Commission is now probing these lice on the body politic. And if you are in any doubt about how toxic this pack of jackals are, this is what Lee Rigby’s mother said about the way that the Electoral Commission allowed Britain First to put her son’s name next to their candidates’ in the European election: “Well yet again can anymore heartbreak be thrown at me and my family: so heartbroken tonight. Electoral commission phoned saying that a party in Wales has stood for election in the European parliament named Britain First using Lee’s name to promote their party and some f****r from the commission allowed it to go through but [they] cannot take any action till after the election which is held on my son’s anniversary of his murder.THEIR VIEWS ARE NOT WHAT LEE BELIEVED IN AND HAS NO SUPPORT FROM THE FAMILY.
There will be a family apology from the electoral commission but cannot be made public till after 22nd of May. Lee’s legacy will live on through Team Lee United Forces and all the good I hope to achieve xxxx” Badger doesn’t know what his readers, their parents, or grandparents did in the Second World War, but Badger knows damn well what his grandfather did – and what a soldier like Lee Rigby would have been doing; shooting fascists not unlike those behind “Britain First”. Readers: email Badger at badger@ pembrokeshi reherald .com if you agree.

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Castell Howell Foods highlights sector concerns over Covid recovery

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THE HOSPITALITY sector may be opening up, but transport and supply issues are hampering the industry’s recovery – according to Castell Howell Foods.

One of the UK’s largest independent food wholesalers, Castell Howell, has taken the step of contacting customers to highlight the significant challenges faced by the sector as it recovers from the pandemic.

While there is relief at easing lockdown and optimism for a busy summer with bookings for UK ‘staycations’ and leisure activities, pressing issues remain.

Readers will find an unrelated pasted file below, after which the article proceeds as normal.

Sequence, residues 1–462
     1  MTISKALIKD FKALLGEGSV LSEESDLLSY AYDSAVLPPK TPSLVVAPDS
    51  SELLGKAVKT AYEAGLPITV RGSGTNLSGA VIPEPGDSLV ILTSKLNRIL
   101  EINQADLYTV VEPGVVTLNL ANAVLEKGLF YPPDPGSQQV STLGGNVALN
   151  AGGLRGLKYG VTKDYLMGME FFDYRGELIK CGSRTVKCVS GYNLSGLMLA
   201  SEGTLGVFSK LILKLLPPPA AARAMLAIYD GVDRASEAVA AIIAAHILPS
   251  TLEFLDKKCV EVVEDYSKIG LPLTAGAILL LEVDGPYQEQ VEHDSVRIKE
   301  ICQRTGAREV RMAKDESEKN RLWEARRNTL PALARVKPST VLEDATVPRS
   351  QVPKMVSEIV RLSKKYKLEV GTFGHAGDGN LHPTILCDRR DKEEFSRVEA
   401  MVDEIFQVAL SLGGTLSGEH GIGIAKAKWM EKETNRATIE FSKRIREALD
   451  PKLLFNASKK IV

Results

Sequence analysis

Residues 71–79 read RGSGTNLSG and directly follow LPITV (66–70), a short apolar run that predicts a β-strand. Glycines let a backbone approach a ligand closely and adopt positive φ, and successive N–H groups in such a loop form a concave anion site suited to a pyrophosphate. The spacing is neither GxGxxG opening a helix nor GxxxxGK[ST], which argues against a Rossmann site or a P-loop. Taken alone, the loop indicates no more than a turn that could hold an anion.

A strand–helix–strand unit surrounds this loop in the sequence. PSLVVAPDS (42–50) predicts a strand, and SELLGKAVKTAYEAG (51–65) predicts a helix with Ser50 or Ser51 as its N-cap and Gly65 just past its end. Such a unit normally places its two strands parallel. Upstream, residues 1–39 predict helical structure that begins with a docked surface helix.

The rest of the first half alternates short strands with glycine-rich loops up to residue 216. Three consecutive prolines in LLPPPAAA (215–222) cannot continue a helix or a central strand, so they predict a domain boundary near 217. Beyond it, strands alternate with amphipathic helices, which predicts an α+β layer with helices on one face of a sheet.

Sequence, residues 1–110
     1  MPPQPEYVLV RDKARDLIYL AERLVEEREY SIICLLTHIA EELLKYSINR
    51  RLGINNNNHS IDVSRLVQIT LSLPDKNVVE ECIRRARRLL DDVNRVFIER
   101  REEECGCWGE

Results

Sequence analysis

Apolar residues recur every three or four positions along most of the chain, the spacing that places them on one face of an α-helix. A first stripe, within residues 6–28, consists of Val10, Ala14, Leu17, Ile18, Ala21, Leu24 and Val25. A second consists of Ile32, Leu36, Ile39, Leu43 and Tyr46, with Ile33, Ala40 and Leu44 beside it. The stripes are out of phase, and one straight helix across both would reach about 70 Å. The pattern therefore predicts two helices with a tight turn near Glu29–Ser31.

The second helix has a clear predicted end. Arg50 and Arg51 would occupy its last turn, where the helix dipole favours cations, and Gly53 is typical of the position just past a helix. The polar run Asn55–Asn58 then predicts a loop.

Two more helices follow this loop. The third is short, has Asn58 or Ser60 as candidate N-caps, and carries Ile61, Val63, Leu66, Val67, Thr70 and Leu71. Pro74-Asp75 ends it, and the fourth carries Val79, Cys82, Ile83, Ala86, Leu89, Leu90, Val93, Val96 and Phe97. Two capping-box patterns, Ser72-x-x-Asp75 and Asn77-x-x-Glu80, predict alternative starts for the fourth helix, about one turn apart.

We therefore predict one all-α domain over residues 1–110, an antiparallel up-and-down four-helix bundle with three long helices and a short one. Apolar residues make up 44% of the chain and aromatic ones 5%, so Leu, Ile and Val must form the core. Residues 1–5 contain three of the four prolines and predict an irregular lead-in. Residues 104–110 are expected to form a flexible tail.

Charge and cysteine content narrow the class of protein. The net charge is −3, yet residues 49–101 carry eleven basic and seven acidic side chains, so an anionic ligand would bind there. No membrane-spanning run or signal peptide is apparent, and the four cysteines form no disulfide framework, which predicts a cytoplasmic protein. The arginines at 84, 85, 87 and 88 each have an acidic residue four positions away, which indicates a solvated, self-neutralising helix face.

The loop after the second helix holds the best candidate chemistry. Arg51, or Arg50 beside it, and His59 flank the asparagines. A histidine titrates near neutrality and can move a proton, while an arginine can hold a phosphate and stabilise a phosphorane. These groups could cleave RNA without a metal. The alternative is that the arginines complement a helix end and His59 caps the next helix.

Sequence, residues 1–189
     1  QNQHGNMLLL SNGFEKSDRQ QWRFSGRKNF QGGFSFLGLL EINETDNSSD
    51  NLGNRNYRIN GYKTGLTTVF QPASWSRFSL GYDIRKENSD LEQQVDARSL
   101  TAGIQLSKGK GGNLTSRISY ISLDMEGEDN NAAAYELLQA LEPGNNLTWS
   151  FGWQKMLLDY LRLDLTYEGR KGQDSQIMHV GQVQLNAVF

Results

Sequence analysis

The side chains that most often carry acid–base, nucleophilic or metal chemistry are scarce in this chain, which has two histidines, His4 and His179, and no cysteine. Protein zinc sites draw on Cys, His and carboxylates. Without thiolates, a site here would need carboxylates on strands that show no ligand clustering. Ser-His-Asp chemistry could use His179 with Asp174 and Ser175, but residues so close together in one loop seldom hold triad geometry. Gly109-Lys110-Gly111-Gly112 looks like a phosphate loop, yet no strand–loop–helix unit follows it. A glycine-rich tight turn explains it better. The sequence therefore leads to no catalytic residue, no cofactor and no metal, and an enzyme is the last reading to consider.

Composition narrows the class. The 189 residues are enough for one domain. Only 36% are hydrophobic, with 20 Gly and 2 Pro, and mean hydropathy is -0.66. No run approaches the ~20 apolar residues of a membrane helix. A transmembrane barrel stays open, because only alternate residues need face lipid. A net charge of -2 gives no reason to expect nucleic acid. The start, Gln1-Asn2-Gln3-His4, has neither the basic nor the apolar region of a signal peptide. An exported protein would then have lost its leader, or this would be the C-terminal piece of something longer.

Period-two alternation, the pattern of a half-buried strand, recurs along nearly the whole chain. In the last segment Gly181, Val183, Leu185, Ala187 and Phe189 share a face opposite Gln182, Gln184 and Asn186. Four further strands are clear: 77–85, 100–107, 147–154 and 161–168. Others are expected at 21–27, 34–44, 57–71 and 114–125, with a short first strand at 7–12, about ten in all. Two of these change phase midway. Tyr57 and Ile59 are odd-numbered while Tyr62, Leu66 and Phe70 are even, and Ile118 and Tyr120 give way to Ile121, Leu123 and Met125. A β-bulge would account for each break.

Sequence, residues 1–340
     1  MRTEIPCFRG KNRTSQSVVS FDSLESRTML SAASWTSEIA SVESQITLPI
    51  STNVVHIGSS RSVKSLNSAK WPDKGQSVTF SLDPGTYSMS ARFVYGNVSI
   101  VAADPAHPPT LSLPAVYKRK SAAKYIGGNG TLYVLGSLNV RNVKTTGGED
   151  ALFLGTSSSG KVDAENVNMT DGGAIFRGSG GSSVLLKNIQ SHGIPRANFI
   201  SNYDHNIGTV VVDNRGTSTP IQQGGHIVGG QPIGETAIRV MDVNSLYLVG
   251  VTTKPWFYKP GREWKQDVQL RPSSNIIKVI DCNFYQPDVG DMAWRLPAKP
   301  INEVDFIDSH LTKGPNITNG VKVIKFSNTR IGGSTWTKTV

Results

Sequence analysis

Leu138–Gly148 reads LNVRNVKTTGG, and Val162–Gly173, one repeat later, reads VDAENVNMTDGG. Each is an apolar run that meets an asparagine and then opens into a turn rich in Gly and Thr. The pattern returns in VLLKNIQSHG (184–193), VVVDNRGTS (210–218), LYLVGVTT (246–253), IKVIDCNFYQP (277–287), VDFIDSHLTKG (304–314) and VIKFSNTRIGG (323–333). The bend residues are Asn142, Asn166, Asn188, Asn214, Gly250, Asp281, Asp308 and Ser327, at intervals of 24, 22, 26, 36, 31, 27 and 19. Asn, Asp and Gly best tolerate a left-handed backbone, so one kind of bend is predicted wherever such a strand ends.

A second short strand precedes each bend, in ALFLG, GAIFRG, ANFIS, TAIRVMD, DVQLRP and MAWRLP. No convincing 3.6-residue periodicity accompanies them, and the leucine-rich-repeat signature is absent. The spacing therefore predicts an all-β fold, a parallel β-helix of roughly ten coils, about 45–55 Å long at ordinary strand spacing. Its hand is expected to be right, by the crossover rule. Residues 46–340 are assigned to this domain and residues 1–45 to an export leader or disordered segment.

Shortages of key staff and problems faced by some suppliers have resulted in the Welsh wholesaler being forced to make some “uncomfortable” decisions and changes to its operation, including having to pass on some supply chain price increases.

In particular, a shortage of qualified delivery drivers has meant the Cross Hands based business has had to be resourceful to maintain its delivery frequency to its customers. To help bridge the gap in the short term, other Castell Howell staff who hold an HGV licence have been temporarily redeployed to the transport department. Among them are area sales managers.

Castell Howell Sales Director, Kathryn Jones, said “Unfortunately, due to the drastic reduction in sales in 2020, our workforce decreased by over 100 colleagues. Whilst we now need most to return to the workplace, many have found alternative employment; this is a common theme across the supply chain.

“We have been actively advertising and recruiting for several months. However, as highlighted in the press, there are over 75,000 vacancies across the UK for HGV drivers alone.

“We too are currently short of drivers, especially Class 2 HGV. Driving a multi-drop vehicle for Castell Howell is a very different proposition to driving a limited drop schedule. Consequently, as you can imagine, it has been challenging to fill these vacancies.”
Stock availability is also an issue, as some suppliers struggle to manufacture under new social distancing rules. Delivery to Castell Howell from suppliers is also being affected by the UK-wide shortage of haulage drivers.

Kathryn Jones said, “To build up buffer stocks, we are increasing our volume of orders, especially for commodity lines. We aim to mitigate future stock shortages the best we can. We are constantly seeking substitute products from manufacturers who have the capacity to deliver. However, this is becoming increasingly more difficult.”

Castell Howell has made changes to its ordering process to improve its own deliveries, with earlier cut-off times.

“These changes go against the grain and were extremely difficult decisions to take. However, it is imperative to implement these in order to continue operating under these difficult circumstances whilst still maintaining a high level of service. We are very grateful to our customers for their support, patience and understanding.”